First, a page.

San Diego Hotel Group Suffers Payment Card Breach

Full Moon over San Diego

By William Knowles @c4i
Senior Editor
InfoSec News
September 5, 2014

San Diego based Bartell Hotels has released a statement detailing a data security incident which occurred between February 16, 2014 and May 13, 2014 that may involve certain credit card data, including credit card numbers, and other personally identifiable information.

The payment card systems at the following five locations were compromised by a third party attacker.

Best Western Plus Island Palms Hotel & Marina
Humphreys Half Moon Inn & Suites
The Dana on Mission Bay
Days Hotel–Hotel Circle
Pacific Terrace Hotel

Law enforcement and the credit card brands have been notified of this incident.

Bartell Hotels encourages its guests to remain vigilant by reviewing their account statements, and monitoring their credit reports for suspicious activity. Bartell Hotels also encourages its guests to notify their banks that issued their card(s) of any suspicious activity and to monitor their credit reports.

Bartell Hotels intends to provide affected individuals with credit monitoring and identity protection services through AllClear ID.

Affected consumers of the breach who have any questions, should call their privacy counsel, Kathryn Mellinger, Esquire at 215-977-4070.

Photo by Justin Brown via Compfight Server Compromised by Hackers


By William Knowles @c4i
Senior Editor
InfoSec News
September 5, 2014

Unknown hackers breached a test server with malware on a Health and Human Services (HHS) site that supports the Obamacare insurance website

The commonplace malware was designed to launch “denial of service” attacks against other websites, HHS said, and there is no evidence any consumers’ personal information was sent to any external IP address. The attack did not appear to directly target, and the server that was targeted did not contain any consumers’ personal information.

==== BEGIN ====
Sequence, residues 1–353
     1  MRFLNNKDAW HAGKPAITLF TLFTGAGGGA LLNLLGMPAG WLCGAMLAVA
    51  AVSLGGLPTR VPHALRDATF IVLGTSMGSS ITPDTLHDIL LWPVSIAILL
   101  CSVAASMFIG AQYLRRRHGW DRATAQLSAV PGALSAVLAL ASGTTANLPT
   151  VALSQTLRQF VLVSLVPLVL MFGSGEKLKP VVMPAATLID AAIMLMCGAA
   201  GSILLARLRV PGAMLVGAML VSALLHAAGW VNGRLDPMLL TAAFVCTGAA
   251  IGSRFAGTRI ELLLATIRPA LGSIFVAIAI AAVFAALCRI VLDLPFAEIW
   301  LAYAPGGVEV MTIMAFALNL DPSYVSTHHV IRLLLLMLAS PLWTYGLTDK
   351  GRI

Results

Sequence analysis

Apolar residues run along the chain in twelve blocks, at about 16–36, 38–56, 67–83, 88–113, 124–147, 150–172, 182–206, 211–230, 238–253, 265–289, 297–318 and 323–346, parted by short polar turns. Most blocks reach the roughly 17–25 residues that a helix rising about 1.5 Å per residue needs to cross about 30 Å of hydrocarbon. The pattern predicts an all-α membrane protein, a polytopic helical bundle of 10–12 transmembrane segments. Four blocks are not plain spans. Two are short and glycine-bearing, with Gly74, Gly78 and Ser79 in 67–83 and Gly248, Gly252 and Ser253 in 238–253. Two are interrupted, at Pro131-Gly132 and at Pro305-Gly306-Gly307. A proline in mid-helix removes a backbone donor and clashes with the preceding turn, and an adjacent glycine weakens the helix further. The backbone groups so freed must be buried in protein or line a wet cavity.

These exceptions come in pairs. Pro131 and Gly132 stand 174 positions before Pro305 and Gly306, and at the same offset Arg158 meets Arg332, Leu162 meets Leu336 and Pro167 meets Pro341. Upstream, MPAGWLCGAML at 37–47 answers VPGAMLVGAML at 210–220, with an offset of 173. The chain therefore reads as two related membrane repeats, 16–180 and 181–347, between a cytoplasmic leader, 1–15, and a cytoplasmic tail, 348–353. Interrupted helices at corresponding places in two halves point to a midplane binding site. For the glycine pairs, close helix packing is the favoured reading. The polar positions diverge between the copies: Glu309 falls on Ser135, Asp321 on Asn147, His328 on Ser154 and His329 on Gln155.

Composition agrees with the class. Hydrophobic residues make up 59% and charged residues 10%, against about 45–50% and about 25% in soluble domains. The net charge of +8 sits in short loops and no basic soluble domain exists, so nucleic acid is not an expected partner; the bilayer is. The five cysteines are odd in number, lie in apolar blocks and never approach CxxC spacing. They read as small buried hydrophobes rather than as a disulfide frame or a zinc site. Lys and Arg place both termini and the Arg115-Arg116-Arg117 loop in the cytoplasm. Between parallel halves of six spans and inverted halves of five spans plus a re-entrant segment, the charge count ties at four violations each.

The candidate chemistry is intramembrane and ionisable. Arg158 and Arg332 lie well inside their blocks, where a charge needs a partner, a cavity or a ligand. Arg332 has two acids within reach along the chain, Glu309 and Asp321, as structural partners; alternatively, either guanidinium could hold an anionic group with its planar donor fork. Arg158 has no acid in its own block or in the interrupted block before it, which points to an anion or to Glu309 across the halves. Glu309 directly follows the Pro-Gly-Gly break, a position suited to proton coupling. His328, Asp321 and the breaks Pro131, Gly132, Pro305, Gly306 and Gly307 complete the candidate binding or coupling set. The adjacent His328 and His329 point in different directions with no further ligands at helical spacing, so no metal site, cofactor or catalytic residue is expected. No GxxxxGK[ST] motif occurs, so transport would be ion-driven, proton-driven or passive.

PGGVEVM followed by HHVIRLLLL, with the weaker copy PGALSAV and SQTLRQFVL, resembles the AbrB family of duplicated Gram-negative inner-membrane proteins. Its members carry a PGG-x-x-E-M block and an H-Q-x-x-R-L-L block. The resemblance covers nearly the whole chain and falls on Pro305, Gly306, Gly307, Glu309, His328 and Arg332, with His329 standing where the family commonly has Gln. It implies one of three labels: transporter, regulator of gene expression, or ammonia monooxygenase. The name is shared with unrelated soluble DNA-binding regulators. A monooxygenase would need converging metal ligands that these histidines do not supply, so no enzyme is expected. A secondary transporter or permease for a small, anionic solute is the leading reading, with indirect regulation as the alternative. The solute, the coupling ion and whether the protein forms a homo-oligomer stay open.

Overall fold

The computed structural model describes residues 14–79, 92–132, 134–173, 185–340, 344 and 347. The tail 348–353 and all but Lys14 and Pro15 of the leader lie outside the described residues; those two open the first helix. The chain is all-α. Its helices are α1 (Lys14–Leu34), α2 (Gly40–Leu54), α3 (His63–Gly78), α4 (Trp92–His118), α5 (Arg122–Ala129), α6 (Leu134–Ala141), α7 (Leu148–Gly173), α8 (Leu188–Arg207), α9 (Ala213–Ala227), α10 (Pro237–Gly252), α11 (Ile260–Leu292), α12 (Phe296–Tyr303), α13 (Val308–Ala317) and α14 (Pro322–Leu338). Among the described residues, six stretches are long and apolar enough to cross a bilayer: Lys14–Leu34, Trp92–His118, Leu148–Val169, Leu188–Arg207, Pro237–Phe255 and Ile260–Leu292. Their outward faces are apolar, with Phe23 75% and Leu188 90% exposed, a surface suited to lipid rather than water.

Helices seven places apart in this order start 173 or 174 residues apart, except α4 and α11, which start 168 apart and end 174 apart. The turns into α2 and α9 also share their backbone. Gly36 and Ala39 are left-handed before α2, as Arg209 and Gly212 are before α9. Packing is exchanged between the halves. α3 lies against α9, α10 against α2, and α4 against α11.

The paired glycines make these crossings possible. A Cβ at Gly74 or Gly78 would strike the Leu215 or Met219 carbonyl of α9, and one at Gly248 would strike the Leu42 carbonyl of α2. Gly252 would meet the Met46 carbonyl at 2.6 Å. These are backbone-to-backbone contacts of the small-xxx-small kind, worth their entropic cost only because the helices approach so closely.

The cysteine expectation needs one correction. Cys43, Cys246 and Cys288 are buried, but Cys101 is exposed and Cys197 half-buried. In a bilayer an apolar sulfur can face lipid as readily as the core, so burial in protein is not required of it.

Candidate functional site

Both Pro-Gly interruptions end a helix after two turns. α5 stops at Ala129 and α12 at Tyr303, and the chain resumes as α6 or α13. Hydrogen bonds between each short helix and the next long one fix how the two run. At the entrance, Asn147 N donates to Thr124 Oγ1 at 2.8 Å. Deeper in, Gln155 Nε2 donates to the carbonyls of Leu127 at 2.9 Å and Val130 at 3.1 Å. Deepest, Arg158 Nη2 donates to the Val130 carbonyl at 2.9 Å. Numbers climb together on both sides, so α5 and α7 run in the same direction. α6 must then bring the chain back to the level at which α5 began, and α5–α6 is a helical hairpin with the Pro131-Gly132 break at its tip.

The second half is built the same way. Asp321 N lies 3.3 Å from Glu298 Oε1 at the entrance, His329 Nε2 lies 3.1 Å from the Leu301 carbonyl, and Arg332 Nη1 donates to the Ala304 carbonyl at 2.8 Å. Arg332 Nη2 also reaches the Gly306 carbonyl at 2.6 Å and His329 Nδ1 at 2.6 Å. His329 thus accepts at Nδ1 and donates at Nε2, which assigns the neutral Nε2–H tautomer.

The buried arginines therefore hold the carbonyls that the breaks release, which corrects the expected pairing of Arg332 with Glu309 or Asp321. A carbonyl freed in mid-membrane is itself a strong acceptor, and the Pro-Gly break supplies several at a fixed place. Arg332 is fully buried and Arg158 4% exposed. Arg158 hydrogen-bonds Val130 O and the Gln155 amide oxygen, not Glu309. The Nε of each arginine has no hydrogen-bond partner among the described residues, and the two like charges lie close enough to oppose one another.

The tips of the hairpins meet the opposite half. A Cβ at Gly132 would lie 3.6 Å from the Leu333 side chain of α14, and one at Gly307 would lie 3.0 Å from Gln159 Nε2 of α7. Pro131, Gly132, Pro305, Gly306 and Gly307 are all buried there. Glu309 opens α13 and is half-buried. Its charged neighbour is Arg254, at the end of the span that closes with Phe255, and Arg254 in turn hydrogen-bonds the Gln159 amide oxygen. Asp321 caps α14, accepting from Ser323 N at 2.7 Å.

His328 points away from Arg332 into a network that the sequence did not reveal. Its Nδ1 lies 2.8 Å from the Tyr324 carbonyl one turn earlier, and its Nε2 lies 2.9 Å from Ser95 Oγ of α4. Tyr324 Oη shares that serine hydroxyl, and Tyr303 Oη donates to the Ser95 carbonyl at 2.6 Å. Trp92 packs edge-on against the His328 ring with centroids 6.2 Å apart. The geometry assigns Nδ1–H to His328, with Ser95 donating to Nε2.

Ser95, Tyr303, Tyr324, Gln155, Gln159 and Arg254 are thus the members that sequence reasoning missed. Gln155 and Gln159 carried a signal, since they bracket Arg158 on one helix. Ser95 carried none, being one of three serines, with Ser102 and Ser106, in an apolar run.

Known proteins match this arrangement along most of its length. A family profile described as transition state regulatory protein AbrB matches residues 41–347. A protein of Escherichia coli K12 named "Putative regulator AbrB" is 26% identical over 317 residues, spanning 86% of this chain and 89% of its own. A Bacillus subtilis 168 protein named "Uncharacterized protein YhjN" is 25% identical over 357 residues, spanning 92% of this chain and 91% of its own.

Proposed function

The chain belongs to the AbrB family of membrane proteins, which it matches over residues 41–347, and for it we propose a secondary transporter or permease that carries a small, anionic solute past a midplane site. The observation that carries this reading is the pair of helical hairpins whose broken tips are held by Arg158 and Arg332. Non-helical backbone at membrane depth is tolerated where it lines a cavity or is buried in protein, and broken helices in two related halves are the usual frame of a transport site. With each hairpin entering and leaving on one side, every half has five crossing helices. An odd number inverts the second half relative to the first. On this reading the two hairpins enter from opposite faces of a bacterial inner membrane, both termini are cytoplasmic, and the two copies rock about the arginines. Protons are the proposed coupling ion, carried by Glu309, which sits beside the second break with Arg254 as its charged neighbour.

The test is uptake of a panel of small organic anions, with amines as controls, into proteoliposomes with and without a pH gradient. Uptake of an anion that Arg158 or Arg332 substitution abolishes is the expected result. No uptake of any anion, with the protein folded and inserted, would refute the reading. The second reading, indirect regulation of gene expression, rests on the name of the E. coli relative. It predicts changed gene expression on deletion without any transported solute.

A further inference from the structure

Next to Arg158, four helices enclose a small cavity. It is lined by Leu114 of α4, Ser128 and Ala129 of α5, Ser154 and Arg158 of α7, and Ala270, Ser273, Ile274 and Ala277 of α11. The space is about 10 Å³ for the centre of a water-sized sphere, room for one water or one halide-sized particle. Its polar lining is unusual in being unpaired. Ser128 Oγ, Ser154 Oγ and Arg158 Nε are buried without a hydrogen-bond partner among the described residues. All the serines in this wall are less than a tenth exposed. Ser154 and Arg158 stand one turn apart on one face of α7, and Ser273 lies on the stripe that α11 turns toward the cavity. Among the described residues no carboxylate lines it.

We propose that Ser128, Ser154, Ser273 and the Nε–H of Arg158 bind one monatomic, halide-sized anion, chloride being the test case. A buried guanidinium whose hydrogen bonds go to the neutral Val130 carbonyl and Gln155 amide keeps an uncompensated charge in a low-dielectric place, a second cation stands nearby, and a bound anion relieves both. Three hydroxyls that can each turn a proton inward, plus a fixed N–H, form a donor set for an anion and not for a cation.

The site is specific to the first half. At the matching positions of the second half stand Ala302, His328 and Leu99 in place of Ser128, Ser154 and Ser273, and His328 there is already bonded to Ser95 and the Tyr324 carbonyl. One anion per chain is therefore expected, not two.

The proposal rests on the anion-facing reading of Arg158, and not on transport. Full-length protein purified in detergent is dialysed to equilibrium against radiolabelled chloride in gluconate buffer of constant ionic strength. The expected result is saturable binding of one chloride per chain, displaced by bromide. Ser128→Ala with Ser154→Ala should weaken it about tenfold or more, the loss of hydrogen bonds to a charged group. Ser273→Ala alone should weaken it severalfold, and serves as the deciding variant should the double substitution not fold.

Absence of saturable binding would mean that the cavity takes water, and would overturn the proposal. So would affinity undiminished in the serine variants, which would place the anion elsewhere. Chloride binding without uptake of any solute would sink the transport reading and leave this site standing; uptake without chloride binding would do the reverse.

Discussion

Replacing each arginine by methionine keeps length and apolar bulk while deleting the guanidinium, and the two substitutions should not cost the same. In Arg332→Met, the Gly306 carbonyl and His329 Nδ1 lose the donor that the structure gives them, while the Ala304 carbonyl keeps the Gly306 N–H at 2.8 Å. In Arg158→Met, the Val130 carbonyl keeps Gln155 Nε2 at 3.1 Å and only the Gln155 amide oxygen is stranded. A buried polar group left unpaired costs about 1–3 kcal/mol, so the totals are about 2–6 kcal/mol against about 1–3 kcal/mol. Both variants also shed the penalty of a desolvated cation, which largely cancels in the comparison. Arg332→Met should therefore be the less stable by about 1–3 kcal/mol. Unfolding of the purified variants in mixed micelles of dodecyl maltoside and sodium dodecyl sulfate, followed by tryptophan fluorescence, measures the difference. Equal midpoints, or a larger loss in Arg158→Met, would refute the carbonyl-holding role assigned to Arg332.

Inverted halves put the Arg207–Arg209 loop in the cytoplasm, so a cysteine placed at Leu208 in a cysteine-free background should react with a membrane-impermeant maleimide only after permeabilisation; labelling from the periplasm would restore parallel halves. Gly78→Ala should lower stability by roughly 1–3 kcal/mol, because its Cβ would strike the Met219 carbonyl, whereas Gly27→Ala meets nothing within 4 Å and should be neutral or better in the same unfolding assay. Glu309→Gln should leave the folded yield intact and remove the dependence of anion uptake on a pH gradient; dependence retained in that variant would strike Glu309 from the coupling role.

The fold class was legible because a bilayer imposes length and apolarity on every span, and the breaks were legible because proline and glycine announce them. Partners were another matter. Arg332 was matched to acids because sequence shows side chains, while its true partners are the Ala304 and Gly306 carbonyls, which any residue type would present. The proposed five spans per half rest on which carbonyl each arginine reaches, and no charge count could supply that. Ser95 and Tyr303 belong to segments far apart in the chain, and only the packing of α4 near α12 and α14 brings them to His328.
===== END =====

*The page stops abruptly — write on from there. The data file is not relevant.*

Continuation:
The Wall Street Journal reports that the server was connected to more sensitive parts of the website that had better security protections, the officials said. That means it would have been possible, if difficult, for the intruder to move through the network and try to view more protected information, an official at the Department of Health and Human Services said. There is no indication that happened, and investigators suspect the hacker didn’t intend to target a server.

Washington officials said they are concerned an intruder gained access to the network through a basic security flaw. The server had low security settings because it was never meant to be connected to the Internet, the HHS official said. When the hacker broke in, it was only guarded by a default password, which often is easy to crack.

It should be noted that the Department of Health and Human Services in the 2014 Annual Report to Congress on the Federal Information Security Management Act [PDF] scored only 43% in 2014 down from 50% in 2013.



Sekurity is hard – vulnerable to XSS


By William Knowles @c4i
Senior Editor
InfoSec News
August 22, 2014

On 21 of August 2014 the security researcher E1337 reported to XSSposed (XSS exposed) that has an XSS (Cross-Site Scripting) vulnerability which currently has 2 vulnerabilities in total reported by security researchers).